Supreme Court Issues Narrow Ruling in Same-Sex Wedding Cake Case

June 7, 2018

On Monday, the U.S. Supreme Court reversed a ruling of the Colorado Civil Rights Commission (the “Commission”) that a cake shop violated the state’s anti-discrimination act by refusing to bake a wedding cake for a same-sex couple for professed religious reasons.  This case is the latest in a series of high-profile cases pitting the religious beliefs of business owners against the rights of LGBTQ customers.  

The Court’s decision in favor of the cake shop’s devout Christian owner, Jack Phillips, may seem like a victory for those seeking exemptions from anti-discrimination laws based on a religious liberty argument.  However, the scope of the decision is actually much narrower.  While the Court technically found in favor of Mr. Phillips, it did not grant places of public accommodation (i.e. shops and stores) a free pass to discriminate against LGBTQ persons for religious reasons

In the 7-2 majority opinion authored by Justice Anthony Kennedy, the Court described Mr. Phillips’ religious beliefs as sincere, and found that the Commission expressed a “clear and impermissible hostility” towards those beliefs that was inconsistent with the First Amendment’s requirement that laws be applied in a religiously neutral manner.  Among other examples, the Court cited an on-the-record statement by a commissioner that:

Freedom of religion and religion has been used to justify all kinds of discrimination throughout history, whether it be slavery, whether it be the holocaust, whether it be—I mean, we—we can list hundreds of situations where freedom of religion has been used to justify discrimination.  And to me it is one of the most despicable pieces of rhetoric that people can use to—to use their religion to hurt others.

The majority also noted several occasions where the Commission found that cake bakers lawfully refused to create cakes with religious texts that denigrated gay people and gay marriage, and concluded that this showed that the Commission was addressing these cases in an inconsistent manner.  The Court concluded that the outcome of other similar cases “must await further elaboration in the courts, all in the context of recognizing that these disputes must be resolved with tolerance, without undue prejudice to sincere religious beliefs, and without subjecting gay persons to indignities when they seek goods and services in an open market.”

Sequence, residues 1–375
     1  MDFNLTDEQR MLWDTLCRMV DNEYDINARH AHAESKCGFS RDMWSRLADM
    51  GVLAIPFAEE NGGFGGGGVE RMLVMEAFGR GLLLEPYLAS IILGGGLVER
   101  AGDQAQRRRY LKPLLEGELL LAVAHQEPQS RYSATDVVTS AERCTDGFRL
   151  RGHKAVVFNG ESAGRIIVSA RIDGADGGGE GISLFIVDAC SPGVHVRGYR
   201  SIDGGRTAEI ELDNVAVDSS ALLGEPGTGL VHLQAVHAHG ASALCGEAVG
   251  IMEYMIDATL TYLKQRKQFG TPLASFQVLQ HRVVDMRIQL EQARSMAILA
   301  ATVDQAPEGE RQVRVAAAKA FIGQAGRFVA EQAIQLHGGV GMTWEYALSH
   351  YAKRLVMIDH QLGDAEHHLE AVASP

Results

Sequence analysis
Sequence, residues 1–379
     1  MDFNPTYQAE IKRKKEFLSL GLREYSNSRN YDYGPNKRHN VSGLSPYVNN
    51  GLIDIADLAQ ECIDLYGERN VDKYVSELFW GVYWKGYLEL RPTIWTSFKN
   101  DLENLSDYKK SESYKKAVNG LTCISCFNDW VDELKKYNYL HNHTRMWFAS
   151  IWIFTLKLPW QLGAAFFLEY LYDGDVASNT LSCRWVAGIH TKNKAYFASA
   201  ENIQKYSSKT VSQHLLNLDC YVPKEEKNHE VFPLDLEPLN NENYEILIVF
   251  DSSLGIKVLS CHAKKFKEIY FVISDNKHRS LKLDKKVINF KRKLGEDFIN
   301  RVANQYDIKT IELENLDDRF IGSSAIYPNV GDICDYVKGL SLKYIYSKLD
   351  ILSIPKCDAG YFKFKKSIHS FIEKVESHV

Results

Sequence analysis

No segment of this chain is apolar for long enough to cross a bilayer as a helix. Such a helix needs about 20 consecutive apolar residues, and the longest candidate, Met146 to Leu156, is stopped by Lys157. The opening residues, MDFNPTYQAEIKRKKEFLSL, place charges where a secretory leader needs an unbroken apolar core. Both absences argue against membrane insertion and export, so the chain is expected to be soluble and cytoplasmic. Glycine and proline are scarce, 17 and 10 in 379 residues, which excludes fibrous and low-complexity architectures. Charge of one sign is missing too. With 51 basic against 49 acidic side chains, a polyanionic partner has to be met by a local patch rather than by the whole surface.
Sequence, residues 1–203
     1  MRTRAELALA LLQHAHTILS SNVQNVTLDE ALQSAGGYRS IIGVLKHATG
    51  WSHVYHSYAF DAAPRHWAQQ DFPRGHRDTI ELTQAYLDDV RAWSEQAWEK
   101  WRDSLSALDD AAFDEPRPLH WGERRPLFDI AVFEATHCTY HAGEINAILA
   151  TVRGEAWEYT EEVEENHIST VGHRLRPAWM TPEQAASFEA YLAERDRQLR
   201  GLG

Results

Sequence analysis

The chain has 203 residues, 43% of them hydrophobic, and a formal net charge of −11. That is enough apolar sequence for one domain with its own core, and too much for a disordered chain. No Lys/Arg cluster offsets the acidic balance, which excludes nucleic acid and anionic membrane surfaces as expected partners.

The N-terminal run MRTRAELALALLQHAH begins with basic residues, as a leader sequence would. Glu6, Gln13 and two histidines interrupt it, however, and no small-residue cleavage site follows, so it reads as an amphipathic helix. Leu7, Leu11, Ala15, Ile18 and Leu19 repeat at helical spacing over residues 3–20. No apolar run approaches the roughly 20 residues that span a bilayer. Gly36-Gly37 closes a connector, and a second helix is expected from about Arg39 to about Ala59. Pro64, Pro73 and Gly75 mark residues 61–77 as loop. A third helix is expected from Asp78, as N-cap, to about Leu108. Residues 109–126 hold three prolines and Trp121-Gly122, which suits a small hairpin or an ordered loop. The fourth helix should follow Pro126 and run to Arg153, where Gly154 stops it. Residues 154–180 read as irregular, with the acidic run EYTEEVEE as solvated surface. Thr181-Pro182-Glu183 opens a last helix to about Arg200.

In a dissenting opinion, Justice Ruth Bader Ginsburg (joined by Justice Sonia Sotomayor) seemingly chided the majority for allowing “the comments of one or two Commissioners” to overcome a multi-layered decision-making process whose ultimate finding was consistent with Colorado state anti-discrimination laws.  The dissent emphasized that Mr. Phillips refused to sell the couple a cake of the kind that he regularly sold to others (without special words or images), for no reason other than their sexual orientation.  Based on that rationale, Justices Ginsburg and Sotomayor would have affirmed the judgment against the baker.

This latest decision discusses, in detail, the balancing act that courts have generally been faced with in religious liberty cases but artfully dodges a ruling on the central issue: if and when religious freedom can provide a legal basis to deny products and services to LGBTQ customers.  Businesses, customers, and employees seeking more guidance on this issue will ultimately have to wait for a case with different facts to make its way through the courts.  In the meantime, state and local anti-discrimination ordinances that prevent companies from discriminating against LGBTQ employees remain in place.

Businesses with questions about the impact of this decision on their policies and practices should contact counsel with experience in matters involving unlawful discrimination in employment and places of public accommodation.

A copy of the Supreme Court’s opinion in Masterpiece Cakeshop v. Colorado Civil Rights Commission can be found here.

Categorized In: Discrimination
Tagged In: